Authors rarely convey emotion by having a character say "I'm sad, I'm happy." No, they have an entire bag of tricks at their disposal. The setting is one example. A table is a table, right? But seen through the eyes of a sad person, that table can be worn-out, damaged, remembered as the scene of happier times that will never come again. Body language and body movement is another way. Slumped shoulders, sparkling eyes, saying she dragged herself to the party. Having a chatty person suddenly go silent can denote great happiness, or shock, or grief. Have a normally stoic person leap in the air can convey emotion without any dialogue. Understated dialogue- Jordan Peele from the show Key & Peele. Did you hear how he proposed to his girlfriend? He tweeted an emoji of an engagement ring to her.
Context is crucial--show who your character is so that we know when he or she is overreacting, under-reacting.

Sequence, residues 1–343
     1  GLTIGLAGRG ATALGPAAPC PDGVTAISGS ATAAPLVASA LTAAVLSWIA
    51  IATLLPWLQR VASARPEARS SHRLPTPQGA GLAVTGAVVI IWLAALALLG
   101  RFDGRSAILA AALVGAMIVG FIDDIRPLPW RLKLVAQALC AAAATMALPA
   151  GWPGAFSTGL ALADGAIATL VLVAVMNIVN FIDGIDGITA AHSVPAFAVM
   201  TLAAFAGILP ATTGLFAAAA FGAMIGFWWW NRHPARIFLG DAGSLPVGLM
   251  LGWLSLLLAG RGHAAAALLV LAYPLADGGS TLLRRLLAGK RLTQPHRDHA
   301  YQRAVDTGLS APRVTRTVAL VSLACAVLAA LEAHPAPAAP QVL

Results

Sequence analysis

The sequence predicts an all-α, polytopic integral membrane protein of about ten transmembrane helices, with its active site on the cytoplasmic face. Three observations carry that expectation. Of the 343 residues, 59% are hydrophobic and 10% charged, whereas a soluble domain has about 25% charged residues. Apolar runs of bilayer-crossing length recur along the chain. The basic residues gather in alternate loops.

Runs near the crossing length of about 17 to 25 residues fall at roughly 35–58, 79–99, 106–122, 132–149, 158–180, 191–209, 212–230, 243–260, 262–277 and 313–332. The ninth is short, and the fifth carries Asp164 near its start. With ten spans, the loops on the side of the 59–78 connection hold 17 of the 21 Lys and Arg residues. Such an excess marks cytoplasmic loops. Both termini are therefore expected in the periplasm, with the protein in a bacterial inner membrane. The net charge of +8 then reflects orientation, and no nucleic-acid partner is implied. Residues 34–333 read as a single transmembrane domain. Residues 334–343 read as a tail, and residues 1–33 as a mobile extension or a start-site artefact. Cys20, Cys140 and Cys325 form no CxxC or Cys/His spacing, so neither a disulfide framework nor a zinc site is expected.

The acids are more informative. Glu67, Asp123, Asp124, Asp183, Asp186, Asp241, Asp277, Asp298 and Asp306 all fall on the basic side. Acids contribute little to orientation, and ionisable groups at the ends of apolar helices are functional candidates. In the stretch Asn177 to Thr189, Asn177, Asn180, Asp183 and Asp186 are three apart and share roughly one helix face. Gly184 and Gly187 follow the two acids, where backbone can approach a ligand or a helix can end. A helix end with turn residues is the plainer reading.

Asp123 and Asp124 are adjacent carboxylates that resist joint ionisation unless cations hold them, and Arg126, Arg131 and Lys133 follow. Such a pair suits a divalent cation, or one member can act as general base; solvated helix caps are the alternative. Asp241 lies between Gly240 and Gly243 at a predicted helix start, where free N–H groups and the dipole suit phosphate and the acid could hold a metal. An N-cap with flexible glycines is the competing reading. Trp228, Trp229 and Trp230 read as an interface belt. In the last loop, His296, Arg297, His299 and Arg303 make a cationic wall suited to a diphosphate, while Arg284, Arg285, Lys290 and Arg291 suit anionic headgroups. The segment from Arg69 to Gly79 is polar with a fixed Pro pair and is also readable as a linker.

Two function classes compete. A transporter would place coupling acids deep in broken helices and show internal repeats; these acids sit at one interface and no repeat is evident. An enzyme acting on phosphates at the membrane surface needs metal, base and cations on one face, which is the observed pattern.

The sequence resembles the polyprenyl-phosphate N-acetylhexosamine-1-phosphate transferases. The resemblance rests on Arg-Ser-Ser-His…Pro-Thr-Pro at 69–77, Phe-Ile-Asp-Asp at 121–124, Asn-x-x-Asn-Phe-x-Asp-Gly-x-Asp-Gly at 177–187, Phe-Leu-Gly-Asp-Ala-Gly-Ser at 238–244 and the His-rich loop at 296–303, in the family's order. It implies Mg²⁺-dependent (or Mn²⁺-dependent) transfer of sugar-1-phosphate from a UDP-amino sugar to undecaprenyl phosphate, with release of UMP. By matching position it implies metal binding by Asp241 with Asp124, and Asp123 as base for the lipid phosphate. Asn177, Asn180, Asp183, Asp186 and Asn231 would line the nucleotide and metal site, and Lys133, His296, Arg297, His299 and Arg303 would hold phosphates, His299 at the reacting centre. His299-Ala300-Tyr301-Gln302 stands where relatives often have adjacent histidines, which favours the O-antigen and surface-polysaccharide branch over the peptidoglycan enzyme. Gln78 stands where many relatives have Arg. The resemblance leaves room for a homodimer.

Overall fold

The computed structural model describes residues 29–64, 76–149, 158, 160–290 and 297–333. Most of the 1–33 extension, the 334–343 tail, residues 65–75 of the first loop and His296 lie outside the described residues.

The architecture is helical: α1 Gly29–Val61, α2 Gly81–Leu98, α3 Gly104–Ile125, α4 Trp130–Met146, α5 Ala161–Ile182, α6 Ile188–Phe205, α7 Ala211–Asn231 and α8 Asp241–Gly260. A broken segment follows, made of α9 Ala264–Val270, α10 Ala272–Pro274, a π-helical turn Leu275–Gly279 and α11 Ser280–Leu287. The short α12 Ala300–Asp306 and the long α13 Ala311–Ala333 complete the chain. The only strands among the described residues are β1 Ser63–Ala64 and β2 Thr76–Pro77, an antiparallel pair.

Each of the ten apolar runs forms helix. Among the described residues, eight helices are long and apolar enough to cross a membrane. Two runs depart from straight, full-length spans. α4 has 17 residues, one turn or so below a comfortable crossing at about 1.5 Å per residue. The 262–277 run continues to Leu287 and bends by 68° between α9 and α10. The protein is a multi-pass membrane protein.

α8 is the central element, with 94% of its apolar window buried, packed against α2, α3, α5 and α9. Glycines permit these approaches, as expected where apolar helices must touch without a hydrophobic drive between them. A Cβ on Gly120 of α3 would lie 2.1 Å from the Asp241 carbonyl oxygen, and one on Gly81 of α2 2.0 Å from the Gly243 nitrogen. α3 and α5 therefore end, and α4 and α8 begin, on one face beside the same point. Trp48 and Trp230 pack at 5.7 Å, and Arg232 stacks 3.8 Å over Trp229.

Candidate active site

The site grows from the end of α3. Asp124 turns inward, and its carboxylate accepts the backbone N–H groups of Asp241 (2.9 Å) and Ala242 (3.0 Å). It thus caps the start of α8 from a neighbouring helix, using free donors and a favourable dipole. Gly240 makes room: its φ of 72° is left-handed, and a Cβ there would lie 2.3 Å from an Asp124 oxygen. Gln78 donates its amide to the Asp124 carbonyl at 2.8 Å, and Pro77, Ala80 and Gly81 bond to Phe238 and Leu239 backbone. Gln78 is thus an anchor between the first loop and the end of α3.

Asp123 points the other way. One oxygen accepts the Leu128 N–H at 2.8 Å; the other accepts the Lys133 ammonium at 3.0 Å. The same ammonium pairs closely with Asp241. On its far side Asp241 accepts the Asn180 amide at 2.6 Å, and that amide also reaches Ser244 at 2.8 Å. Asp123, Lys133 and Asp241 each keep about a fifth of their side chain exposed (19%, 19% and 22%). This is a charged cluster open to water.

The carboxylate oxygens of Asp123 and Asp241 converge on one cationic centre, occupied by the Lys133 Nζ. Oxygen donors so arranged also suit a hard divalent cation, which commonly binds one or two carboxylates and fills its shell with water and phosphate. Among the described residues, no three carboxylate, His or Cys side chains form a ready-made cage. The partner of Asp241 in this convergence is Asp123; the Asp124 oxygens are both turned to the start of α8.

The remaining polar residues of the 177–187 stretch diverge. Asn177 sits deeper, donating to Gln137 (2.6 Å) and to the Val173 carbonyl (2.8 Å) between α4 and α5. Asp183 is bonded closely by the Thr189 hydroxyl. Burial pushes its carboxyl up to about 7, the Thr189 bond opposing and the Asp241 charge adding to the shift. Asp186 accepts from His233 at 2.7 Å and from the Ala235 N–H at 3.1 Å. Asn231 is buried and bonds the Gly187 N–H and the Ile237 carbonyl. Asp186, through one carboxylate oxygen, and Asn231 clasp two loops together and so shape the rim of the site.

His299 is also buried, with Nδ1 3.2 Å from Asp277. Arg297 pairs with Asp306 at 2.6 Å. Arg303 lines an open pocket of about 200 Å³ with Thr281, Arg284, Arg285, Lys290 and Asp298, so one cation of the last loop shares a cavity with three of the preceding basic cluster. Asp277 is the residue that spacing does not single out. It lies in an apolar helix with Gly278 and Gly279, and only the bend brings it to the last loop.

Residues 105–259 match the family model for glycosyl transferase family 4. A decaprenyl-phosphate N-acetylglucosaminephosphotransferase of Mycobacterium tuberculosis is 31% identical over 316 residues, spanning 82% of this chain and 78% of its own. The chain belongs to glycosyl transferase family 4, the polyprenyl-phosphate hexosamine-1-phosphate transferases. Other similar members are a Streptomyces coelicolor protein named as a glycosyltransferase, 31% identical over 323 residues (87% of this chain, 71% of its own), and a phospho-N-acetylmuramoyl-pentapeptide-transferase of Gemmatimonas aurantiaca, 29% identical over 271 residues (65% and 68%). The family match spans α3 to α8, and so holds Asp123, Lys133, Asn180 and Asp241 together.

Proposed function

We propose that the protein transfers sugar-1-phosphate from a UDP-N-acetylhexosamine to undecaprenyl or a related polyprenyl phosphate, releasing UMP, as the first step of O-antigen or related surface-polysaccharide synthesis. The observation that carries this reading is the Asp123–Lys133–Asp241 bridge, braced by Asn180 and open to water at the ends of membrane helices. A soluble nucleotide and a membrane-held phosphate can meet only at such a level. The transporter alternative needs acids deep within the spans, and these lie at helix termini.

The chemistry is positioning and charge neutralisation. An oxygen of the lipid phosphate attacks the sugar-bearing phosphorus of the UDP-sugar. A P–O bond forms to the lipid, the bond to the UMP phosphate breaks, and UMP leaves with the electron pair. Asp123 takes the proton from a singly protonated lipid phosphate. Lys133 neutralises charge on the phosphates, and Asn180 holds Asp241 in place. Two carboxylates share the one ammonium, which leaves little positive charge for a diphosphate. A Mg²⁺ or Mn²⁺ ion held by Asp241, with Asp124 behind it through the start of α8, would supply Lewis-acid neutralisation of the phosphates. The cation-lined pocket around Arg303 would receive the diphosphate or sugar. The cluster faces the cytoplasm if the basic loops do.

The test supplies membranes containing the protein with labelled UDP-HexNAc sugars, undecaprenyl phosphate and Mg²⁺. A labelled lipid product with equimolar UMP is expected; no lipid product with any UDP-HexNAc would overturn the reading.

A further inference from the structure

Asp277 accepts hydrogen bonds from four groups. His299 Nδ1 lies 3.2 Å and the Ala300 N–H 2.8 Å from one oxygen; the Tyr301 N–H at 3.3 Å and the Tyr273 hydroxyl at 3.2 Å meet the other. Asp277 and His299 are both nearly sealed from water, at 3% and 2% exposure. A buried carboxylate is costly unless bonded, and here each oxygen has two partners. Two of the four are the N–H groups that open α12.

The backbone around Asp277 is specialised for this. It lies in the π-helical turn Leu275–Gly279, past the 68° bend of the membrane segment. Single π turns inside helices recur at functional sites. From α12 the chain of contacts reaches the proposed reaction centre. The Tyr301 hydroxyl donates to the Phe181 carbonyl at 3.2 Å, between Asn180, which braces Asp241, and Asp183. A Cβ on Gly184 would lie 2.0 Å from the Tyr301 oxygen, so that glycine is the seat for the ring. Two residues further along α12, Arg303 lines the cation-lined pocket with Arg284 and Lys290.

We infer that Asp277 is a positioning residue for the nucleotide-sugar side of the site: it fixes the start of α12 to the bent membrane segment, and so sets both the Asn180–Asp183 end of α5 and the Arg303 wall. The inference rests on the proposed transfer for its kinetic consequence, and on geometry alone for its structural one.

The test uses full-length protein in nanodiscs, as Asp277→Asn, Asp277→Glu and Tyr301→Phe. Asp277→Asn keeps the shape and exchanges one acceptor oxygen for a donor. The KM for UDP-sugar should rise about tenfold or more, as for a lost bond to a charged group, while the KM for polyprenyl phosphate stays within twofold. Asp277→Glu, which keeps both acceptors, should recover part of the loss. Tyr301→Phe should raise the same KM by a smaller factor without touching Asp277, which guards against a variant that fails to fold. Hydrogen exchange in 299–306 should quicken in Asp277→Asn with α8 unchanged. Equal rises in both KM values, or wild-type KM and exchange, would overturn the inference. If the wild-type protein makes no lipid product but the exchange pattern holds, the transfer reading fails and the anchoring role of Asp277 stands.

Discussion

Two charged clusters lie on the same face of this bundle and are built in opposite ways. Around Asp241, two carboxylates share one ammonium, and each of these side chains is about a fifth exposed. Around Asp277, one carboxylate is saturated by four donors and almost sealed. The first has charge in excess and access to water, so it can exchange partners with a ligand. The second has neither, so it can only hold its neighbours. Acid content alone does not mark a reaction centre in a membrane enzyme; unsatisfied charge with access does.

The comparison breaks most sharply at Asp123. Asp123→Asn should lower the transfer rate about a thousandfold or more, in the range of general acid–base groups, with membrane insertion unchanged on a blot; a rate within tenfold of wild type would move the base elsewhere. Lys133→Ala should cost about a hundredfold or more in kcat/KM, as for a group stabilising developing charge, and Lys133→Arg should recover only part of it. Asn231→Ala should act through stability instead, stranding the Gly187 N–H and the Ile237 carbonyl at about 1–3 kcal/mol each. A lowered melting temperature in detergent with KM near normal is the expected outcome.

My dad is a tough critic and any time one of my sisters or I would make dinner, we'd ask, "How was it dad?" He'd always say the same thing, "not bad". One day, my sister cooked all his favorite things and made a lovely dinner. After we finished, she asked him, "So, how was it dad? He saw all of us watching him, waiting for his answer and he smiled this big smile and said "It was really…. Not bad at all". And then we all threw our napkins at him. In context, if you didn't know my dad's habit, that story wouldn't make sense.

In my first mystery. "Death by Didgeridoo", the protagonist, Jamie Quinn, is depressed after her mother dies and she is trying to gather her thoughts. "But it's no use. They are shadow puppets, gray wisps flitting through my brain and they refuse to be caught." I ever used the words sad or depressed, but I think that comes across.

Let's do an exercise: 
There's a torrential rain coming after a long drought. You are a farmer & your life savings are invested in your crops. You've been praying for a rain like this to come.

Give me one dramatic but surprising action the farmer takes upon hearing the news.
Give me one sentence expressing his emotion without naming the emotion & include a color.